The Gas Exporting Countries Forum (GECF) has signalled it will not cut output to raise gas prices, although it considers low prices are a major concern. The group, which some analysts have dubbed the "gas OPEC", was more interested in stabilising gas prices than in raising them, Sergei Shmatko, the Russian energy minister, said.
The GECF has picked a Russian, Leonid Bokhanovsky, as its first secretary general. An early task for Mr Bokhanovsky, the vice president of the Russian energy engineering and construction company Stroytranzgaz, may be advising ministers on how to restore the close link between gas and crude prices. The commodities have moved in different directions on international markets this year. Addressing a one-day meeting of the group in Doha yesterday, the emir of Qatar, Sheikh Hamad bin Khalifa Al Thani, called for alignment of gas and crude prices.
"The increase experienced by the oil price this year has not been followed by an improvement in gas prices, and we hope that will only be temporary," Sheikh Hamad said. "It is necessary to work to restore the correlation between the price of oil and gas, and the decisions taken by this board must be equal to our ambitions." On Tuesday, Chakib Khelil, the Algerian oil minister, said gas producers could justify investing in new projects only if they were backed by long-term gas supply contracts linked to the price of crude oil.
"The bad situation in the gas market, that's what we are going to talk about. We need to do something about that," Mr Khelil said before the meeting. As crude rose during most of this year, gas prices on North American and UK markets sank to multi-year lows last summer. They are still only at about half their levels of a year ago, in a season when heating demand is usually high. That has put pressure on gas sales in Europe and Asia, with many consumers seeking to renegotiate multi-year supply contracts.
Japanese utilities paid 46 per cent less for liquefied natural gas (LNG) in October than a year earlier, government data showed. The global recession caused worldwide demand for gas to plunge just as North American producers were increasing output from large shale gas deposits. At the same time, a number of established gas exporters, including Qatar and Russia, and newcomers such as Equatorial Guinea and Yemen, were bringing large new LNG production facilities on stream.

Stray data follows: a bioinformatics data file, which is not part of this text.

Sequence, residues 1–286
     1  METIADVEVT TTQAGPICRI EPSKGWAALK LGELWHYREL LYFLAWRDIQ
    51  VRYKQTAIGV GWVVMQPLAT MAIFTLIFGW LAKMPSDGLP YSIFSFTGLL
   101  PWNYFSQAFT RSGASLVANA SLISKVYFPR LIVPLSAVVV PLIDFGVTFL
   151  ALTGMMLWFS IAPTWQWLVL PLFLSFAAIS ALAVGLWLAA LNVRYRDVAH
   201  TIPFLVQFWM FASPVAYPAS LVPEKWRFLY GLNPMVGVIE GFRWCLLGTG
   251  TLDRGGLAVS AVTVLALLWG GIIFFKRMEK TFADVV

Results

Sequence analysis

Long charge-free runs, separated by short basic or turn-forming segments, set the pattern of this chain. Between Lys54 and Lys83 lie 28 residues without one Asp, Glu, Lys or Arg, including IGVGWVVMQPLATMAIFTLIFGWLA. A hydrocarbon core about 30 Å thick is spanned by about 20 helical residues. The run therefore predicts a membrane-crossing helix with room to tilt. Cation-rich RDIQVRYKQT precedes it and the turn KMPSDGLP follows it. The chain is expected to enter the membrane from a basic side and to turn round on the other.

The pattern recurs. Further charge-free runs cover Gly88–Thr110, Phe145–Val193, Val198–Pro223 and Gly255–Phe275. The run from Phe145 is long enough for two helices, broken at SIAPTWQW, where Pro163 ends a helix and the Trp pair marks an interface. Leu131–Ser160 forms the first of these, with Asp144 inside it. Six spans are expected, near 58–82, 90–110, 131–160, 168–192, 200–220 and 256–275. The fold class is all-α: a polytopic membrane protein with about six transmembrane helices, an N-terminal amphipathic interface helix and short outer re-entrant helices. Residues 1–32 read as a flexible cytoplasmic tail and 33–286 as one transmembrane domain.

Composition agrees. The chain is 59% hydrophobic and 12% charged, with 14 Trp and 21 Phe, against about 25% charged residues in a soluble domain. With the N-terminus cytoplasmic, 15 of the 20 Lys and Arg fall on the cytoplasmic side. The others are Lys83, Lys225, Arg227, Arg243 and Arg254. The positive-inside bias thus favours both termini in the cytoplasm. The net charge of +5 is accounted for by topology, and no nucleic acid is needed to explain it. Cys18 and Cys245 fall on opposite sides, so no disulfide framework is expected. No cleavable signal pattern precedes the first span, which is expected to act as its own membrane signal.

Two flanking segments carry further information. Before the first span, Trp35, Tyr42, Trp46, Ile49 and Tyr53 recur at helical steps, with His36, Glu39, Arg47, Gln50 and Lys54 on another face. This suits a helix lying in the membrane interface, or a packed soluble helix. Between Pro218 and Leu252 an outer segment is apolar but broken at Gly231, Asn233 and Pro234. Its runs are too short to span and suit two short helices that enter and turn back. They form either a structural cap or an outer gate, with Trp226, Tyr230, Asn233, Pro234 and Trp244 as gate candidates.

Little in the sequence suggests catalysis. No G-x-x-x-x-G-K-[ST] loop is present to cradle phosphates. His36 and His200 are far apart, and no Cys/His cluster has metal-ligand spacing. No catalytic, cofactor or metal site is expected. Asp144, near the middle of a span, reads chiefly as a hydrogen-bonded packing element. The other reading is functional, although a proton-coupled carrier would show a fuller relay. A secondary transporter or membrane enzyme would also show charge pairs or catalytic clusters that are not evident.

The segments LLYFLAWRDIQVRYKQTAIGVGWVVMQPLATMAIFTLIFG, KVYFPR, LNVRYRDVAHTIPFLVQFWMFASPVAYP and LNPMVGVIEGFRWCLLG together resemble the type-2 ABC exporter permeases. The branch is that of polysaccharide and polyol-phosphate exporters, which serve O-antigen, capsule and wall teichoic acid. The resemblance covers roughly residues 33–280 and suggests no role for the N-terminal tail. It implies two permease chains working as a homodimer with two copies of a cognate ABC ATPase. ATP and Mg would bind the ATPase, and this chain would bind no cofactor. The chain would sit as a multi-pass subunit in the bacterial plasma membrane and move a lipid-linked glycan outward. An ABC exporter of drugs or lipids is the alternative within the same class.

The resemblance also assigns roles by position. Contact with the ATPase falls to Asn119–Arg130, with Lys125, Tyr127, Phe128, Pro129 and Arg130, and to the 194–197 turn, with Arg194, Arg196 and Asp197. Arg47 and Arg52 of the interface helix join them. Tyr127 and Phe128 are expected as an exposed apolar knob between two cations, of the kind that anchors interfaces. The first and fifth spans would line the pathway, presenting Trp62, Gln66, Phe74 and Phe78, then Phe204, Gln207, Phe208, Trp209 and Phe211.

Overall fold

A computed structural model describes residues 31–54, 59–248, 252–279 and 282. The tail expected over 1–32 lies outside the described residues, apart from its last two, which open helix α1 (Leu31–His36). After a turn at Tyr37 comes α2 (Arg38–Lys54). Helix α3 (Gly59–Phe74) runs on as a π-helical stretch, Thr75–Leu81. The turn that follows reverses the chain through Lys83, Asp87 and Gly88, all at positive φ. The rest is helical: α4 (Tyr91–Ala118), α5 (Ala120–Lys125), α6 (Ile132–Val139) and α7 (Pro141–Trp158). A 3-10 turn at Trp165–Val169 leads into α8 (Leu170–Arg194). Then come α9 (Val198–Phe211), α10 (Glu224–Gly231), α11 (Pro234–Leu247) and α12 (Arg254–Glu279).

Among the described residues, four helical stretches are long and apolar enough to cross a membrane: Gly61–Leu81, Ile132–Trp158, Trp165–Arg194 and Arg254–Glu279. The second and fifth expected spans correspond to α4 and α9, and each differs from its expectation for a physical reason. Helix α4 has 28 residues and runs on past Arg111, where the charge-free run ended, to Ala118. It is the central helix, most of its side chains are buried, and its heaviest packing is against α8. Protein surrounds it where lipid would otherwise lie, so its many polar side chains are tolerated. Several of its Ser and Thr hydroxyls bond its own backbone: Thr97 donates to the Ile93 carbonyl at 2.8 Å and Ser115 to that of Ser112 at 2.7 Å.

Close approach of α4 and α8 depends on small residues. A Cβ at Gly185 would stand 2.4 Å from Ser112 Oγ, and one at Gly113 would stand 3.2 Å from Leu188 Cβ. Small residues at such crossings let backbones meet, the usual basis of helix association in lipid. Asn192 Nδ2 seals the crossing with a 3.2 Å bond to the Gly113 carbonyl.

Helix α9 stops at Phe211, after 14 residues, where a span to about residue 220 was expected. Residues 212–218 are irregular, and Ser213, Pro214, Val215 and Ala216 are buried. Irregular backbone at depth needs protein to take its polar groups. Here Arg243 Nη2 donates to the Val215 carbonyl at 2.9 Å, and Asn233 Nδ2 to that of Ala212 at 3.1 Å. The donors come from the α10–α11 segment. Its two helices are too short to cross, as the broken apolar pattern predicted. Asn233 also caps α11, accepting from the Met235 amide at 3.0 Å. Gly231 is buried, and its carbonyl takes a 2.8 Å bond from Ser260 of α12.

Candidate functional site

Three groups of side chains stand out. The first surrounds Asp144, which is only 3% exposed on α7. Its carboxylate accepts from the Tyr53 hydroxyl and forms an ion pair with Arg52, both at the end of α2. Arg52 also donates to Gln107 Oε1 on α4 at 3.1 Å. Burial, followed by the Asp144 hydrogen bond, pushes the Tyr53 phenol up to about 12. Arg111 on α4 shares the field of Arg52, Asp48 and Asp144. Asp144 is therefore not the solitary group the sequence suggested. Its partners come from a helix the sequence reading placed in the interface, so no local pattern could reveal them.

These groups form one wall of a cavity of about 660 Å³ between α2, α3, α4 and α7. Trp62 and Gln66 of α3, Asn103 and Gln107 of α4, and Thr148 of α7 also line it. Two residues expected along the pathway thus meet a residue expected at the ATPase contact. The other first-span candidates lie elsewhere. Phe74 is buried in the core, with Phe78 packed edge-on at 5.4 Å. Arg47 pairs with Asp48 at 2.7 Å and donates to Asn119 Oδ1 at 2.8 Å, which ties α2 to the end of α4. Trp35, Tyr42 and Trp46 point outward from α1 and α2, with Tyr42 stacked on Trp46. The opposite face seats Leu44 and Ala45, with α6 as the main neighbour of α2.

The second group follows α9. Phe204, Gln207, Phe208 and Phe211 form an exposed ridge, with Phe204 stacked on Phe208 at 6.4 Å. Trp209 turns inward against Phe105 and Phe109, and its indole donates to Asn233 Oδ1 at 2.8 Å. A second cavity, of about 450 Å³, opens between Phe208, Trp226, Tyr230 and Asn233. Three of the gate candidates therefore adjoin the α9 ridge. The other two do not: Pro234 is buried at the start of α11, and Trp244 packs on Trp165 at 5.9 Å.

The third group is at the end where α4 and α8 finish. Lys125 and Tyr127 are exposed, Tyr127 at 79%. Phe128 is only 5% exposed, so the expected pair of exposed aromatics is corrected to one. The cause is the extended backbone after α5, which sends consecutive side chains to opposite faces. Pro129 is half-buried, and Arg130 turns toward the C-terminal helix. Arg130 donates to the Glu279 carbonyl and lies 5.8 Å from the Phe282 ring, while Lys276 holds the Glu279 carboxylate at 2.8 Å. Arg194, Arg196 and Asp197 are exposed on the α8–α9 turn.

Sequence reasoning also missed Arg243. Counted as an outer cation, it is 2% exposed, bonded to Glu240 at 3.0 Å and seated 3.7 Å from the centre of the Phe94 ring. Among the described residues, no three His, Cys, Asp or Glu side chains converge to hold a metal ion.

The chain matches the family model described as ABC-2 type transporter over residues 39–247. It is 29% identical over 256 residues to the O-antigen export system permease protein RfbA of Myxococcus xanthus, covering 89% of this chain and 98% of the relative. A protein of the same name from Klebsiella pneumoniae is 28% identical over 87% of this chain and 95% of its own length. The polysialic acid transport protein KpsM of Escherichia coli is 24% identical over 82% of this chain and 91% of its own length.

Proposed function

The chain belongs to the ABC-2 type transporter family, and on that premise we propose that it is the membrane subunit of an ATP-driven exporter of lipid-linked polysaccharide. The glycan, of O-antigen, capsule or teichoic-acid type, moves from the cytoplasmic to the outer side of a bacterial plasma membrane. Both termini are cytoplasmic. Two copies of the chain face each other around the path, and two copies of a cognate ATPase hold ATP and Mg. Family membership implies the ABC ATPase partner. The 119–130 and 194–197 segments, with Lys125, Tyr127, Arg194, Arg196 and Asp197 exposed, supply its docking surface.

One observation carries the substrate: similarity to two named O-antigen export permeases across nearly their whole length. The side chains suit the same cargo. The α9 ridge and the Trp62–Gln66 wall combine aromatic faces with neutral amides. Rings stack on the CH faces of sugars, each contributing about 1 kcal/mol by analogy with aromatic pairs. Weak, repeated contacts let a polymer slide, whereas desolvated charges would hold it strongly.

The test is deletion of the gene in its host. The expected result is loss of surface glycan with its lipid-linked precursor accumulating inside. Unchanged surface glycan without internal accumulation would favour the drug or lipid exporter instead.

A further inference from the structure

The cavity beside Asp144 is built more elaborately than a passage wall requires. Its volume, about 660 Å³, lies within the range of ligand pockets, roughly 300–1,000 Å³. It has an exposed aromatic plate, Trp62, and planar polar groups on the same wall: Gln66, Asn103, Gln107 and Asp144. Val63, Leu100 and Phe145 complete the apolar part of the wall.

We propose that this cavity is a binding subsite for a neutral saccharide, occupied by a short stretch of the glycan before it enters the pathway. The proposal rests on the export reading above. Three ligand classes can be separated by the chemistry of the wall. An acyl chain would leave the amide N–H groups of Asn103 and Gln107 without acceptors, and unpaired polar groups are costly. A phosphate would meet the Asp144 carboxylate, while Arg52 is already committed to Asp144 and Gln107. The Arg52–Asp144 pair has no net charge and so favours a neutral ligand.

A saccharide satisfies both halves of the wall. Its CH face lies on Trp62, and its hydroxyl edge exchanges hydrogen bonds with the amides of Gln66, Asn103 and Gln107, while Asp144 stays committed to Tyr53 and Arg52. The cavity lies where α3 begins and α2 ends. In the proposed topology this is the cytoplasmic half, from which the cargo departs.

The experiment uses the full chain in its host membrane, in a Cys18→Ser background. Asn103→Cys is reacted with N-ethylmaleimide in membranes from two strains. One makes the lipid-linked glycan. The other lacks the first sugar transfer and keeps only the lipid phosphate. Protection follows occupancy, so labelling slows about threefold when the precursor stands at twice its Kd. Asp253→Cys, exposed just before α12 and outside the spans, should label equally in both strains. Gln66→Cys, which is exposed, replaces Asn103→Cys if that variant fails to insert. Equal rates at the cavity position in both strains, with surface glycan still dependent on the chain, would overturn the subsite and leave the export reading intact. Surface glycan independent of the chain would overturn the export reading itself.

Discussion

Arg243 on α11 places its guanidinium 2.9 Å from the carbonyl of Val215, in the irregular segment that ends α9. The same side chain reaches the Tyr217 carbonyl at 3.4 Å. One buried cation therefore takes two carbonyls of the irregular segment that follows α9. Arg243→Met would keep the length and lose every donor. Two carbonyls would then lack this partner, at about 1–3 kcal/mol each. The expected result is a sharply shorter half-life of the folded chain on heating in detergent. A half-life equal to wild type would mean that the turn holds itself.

Last month, the International Energy Agency (IEA), which advises developed countries on energy issues, warned that the "acute glut" of gas could persist for several years. "This glut could have far-reaching consequences for the structure of gas markets, with suppliers to Europe and Asia-Pacific coming under pressure to modify pricing terms and to cut prices to stimulate demand," the IEA said. Ibrahim Ibrahim, the economic adviser to Sheikh Hamad, said little could be done to support gas prices in the short-term. "We are not talking about using production itself to lift the price," he told Bloomberg.
Nobuo Tanaka, the executive director of the IEA, warned against that strategy yesterday. "We are against any form of cartelisation," Mr Tanaka said. "If a gas OPEC were created to control production or investment, it could create problems for the future." @Email:firstname.lastname@example.org